Sossusvlei & the Dunes

      Comments Off on Sossusvlei & the Dunes

One of the large drawing cards to Namibia are the great sand dunes of Sossusvlei, located within inland Namibia where sand was blown over millennia off of the ocean – or that is at least one theory given to us.  Our drive to the park takes us through empty landscapes and up over a pass and down into further desert land.  

We arrive in Desert Camp, small bungalows just completed with astonishingly well designed and executed space, created for “self-catering”  folk with RVs who bring their own food and supplies but want a comfortable place to sleep.  Here is my cabin at sunset with the moon high above:

We are in an area of stripped down nature where a few camel-thorn trees and small tufts of hardy grass put down deep roots  to try to survive. It is unique and beautiful, especially in the setting sun which turns the rocks around us to rosy red.  

It is winter here and the sun does not rise until 6:45 am so it is pitch black when we arise in the early morning as the moon has already set.  I can not see at all walking to the reception area and must uses my flashlight although there are a dizzying amount of stars stretching across the firmament in the dark sky.  

Inside Sossusvlei Park Right After Sunrise

We leave at 7 am and join a line of vehicles to enter the Sossusvlei park.  We drive past spectacular sand dunes, each given an identifying number, and visitors are only permitted to hike on some of them to preserve their ecology.   In this early morning light, the sun is shining on the east side of the large dunes while the west side, from where the winds blow, still in the dark, creating spectacular color contrasts on these mammoth natural structures.

A few of our group on the young side has done the 1 hr. 45 minute hike straight up the dunes and then come straight down the other side.  Mark, about my age and in great shape, only made it partway up so I am glad I stayed below with others as it is hard walking through deep sand.  I walked around the isolated quiet space, the silence broken occasionally by loud voices from the (mostly) European tourists which reverberates through this barren space.

Walking the 1.5 km to Dead Vlei through Sand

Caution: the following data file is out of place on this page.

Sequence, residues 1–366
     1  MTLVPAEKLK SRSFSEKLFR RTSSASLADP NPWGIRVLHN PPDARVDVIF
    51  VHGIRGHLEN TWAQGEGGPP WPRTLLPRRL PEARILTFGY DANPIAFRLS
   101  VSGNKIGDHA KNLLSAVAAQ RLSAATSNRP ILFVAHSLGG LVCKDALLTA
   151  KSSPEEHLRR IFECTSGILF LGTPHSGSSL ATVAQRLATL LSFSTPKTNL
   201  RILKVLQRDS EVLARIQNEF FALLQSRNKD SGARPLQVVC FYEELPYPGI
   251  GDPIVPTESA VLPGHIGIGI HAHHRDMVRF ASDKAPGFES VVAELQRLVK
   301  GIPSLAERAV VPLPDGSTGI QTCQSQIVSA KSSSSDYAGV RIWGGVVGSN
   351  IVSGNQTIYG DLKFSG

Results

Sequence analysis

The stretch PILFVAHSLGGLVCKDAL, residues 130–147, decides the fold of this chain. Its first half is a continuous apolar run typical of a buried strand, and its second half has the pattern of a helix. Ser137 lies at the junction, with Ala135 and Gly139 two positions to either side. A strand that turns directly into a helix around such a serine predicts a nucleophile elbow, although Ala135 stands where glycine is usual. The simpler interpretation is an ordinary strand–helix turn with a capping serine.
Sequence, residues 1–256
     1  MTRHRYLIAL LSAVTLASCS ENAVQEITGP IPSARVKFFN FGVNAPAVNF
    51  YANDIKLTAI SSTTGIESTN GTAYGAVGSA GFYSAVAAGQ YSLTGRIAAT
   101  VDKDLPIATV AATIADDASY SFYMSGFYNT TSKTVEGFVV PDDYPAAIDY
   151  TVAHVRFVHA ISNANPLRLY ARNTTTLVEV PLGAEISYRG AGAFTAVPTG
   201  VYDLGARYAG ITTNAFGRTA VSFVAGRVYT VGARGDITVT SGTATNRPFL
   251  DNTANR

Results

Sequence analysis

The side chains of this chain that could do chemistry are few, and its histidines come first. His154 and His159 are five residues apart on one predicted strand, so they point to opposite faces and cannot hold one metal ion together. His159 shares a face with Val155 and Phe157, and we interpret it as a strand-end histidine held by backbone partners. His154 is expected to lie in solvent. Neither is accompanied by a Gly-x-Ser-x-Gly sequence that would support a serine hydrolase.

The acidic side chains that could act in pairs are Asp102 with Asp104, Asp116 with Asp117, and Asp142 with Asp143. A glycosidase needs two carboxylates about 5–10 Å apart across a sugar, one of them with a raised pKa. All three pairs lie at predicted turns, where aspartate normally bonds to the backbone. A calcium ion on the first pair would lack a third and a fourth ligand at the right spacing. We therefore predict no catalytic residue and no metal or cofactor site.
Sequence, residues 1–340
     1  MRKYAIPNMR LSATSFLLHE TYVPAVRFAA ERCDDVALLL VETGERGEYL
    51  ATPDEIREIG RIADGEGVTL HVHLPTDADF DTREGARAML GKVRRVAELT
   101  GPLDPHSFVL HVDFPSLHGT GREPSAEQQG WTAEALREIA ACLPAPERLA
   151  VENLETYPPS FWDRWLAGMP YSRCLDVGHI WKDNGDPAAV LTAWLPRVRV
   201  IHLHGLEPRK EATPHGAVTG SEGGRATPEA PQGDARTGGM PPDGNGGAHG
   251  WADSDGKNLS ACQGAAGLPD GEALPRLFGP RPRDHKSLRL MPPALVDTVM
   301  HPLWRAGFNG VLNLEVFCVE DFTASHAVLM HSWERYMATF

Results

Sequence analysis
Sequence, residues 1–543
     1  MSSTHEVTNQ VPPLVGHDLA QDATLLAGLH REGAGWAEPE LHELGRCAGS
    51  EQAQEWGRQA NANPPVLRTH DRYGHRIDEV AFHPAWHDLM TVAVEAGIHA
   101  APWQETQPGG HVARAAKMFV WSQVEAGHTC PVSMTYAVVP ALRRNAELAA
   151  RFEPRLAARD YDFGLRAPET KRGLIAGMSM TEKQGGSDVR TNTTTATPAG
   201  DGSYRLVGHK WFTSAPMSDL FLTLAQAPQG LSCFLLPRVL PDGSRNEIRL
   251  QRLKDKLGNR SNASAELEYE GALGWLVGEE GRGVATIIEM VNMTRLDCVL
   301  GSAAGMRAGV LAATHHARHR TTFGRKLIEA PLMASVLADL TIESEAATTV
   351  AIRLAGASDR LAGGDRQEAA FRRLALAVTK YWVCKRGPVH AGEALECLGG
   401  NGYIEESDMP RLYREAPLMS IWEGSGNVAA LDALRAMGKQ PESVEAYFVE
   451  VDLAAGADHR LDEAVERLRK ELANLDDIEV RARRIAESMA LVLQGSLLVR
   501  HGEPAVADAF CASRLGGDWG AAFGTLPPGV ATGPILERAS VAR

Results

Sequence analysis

Dead Vlei is a lake located in the middle of large dunes, with scattered black dead trees standing straight up in the white cracked pan of clay.  The red black and sand coloring is striking.

We also visit the Sesriem Canyon, carved by water and used as a watering hole by local people for untold time but now dry and hot as it is mid-afternoon.  We trek down a path into the canyon and walk along the gravelly bottom.  There are steep walls, splattered with recessed round crevices where rocks fells out of the composite geological material.  Our guide warned us that those holes now serve as homes for various creatures so keep your hands out!


A Kestral in a dead tree. It caught a lizard nearby for breakfast.

I hadn’t looked very carefully at this tours’ itinerary after Sossusvlei, so was wonderfully surprised the next morning to find on our schedule a visit to a cheetah preserve near Solitaire, once a large cattle farm and now a way station for those on the road to Sossusvlei.  Solitaire, which consists of a small store, cafe, bakery and gas station, is now best known for its apple pie, prepared in German style by a fine baker who passed away in 2014 but whose tradition carries on.

We move to a 4×4 safari truck and drive into the large preserves area where the cheetahs appear to be waiting for us.  A mama and her offspring sit and pose for us, a few feet away.  Magnificent cats.   

The mother was rescued as a young orphan and so can not survive in the wild, nor can her offspring, as they have not learned the ways of the hunt.  They are all now sterilized and will be taken care of the rest of their lives while their wild cousins, on the other side of the fence, roam the area and take down springbok for prey.  When they are gathered together these majestic animals, who are the fastest runners on earth, look like their much smaller domestic relatives, waiting to be petted.  We don’t try.

Our drive takes us to Reheboth, a town founded by the “colored” population descended from Dutch settlers and their tribal wives as a place of refuge which, till this day, carries on its proud heritage.   In Windhoek, I stay at a lovely place overlooking the small City.